Atmos. Chem. Phys. Discuss., 12, 14197-14246, 2012
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Aerosol indirect effect on warm clouds over South-East Atlantic, from co-located MODIS and CALIPSO observations
L. Costantino and F.-M. Bréon
Laboratoire des Sciences du Climat et de l'Environnement, Unité Mixte de Recherche, CEA-CNRS-UVSQ, 91191 Gif sur Yvette, France

Abstract. In this study, we provide a comprehensive analysis of aerosol interaction with warm boundary layer clouds, over South-East Atlantic. We use MODIS retrievals to derive statistical relationships between aerosol concentration and cloud properties, together with co-located CALIPSO estimates of cloud and aerosol layer altitudes. The latter are used to differentiate between cases of mixed and interacting cloud-aerosol layers from cases where the aerosol is located well-above the cloud top. This strategy allows, to a certain extent, to isolate real aerosol-induced effect from meteorology.

Similar to previous studies, statistics clearly show that aerosol affects cloud microphysics, decreasing the Cloud Droplet Radius (CDR). The same data indicate a concomitant strong decrease in cloud Liquid Water Path (LWP), in evident contrast with the hypothesis of aerosol inhibition of precipitation (Albrecht, 1989). Because of this water loss, probably due to the entrainment of dry air at cloud top, Cloud Optical Thickness (COT) is found to be almost insensitive to changes in aerosol concentration. The analysis of MODIS-CALIPSO coincidences also evidenced an aerosol enhancement of low cloud cover. Surprising, the Cloud Fraction (CLF) response to aerosol invigoration is much stronger when (absorbing) particles are located above cloud top, than in cases of physical interaction, This result suggests a relevant aerosol radiative effect on low cloud occurrence. Heating the atmosphere above the inversion, absorbing particles above cloud top may decrease the vertical temperature gradient, increase the low tropospheric stability and provide favorable conditions for low cloud formation.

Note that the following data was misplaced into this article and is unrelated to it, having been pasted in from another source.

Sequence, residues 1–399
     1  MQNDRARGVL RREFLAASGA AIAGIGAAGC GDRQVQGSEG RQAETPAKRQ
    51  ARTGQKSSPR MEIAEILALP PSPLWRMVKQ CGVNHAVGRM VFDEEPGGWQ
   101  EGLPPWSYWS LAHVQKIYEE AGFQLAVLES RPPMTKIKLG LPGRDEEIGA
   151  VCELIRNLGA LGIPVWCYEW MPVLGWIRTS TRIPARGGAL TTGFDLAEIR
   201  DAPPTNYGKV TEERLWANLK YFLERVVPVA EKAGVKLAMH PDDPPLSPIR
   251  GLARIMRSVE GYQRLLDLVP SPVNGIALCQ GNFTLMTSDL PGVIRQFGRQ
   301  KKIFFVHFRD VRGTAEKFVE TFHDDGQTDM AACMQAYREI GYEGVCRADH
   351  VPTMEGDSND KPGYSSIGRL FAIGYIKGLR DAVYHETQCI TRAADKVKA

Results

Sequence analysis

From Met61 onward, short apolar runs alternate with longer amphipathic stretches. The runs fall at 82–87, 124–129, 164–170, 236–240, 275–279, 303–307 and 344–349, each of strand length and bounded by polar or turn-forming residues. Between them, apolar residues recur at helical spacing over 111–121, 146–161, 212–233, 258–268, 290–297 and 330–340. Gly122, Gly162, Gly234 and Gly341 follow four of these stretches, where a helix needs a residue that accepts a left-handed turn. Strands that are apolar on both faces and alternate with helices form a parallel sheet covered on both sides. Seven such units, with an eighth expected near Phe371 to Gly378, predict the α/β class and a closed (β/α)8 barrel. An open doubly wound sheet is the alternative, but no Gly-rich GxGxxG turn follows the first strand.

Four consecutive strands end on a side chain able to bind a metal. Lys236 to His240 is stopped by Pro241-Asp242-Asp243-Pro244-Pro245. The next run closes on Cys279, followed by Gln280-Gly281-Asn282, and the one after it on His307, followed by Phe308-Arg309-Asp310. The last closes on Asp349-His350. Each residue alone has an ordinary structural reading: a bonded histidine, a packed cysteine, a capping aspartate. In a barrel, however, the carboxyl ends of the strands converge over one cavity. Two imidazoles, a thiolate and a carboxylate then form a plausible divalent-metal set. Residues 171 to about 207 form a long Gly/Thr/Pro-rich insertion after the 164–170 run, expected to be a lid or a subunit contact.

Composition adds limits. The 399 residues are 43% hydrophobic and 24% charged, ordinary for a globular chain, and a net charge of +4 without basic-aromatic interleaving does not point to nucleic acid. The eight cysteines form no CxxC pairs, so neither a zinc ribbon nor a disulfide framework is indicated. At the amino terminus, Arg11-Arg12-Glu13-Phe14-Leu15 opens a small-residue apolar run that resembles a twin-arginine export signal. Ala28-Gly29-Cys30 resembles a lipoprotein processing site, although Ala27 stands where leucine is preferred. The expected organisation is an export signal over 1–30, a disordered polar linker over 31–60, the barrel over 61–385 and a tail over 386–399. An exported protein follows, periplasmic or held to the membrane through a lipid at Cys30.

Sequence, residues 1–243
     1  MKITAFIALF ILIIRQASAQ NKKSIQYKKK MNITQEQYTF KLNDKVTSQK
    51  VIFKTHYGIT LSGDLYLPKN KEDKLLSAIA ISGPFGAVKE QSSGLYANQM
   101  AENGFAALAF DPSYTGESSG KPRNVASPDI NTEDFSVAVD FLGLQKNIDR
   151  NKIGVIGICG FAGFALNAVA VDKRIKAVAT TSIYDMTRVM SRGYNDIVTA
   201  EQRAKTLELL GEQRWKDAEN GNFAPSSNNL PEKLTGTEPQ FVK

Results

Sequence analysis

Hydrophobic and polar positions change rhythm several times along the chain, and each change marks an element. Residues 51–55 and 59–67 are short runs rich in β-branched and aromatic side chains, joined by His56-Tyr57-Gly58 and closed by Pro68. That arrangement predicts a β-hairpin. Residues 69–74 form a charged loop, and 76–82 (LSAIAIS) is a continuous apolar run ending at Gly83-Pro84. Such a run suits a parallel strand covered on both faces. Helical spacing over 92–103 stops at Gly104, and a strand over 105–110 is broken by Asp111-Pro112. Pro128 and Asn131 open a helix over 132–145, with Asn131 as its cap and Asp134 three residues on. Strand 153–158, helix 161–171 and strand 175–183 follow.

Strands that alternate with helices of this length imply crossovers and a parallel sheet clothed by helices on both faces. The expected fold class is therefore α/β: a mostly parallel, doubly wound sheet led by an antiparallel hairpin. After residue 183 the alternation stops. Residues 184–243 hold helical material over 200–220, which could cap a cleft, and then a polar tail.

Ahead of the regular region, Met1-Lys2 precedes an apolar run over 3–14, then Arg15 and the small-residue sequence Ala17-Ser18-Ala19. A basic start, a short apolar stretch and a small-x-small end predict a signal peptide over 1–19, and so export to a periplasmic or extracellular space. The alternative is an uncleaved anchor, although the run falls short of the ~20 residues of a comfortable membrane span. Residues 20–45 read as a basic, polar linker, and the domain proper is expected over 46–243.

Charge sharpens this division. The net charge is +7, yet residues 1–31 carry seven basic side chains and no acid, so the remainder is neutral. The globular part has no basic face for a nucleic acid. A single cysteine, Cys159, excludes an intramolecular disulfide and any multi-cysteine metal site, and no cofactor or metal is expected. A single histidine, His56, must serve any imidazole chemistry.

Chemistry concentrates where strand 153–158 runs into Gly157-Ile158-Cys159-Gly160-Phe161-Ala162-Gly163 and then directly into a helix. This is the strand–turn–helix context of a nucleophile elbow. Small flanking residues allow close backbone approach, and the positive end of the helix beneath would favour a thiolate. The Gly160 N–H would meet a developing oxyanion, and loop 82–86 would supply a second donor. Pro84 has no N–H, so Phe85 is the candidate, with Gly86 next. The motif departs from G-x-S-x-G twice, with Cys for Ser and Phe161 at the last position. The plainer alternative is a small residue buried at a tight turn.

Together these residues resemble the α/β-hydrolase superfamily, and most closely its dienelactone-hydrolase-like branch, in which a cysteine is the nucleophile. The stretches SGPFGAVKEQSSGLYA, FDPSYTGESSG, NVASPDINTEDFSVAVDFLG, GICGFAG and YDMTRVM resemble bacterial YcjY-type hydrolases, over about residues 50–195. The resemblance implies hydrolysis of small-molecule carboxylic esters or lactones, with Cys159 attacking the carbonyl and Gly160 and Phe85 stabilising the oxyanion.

We also focus on the impact of anthropogenic aerosols on precipitation, through the statistical analysis of CDR-COT co-variations. A COT value of 10 is found to be the threshold beyond which precipitation mostly forms, in both clean and polluted environments. For larger COT, polluted clouds showed evidence of precipitation suppression. Results suggest the presence of two competing mechanisms governing LWP response to aerosol invigoration: a drying effect due to aerosol enhanced entrainment of dry air at cloud top (predominant for optically thin clouds) and a moistening effect due to aerosol inhibition of precipitation (predominant for optically thick clouds).

Citation: Costantino, L. and Bréon, F.-M.: Aerosol indirect effect on warm clouds over South-East Atlantic, from co-located MODIS and CALIPSO observations, Atmos. Chem. Phys. Discuss., 12, 14197-14246, doi:10.5194/acpd-12-14197-2012, 2012.
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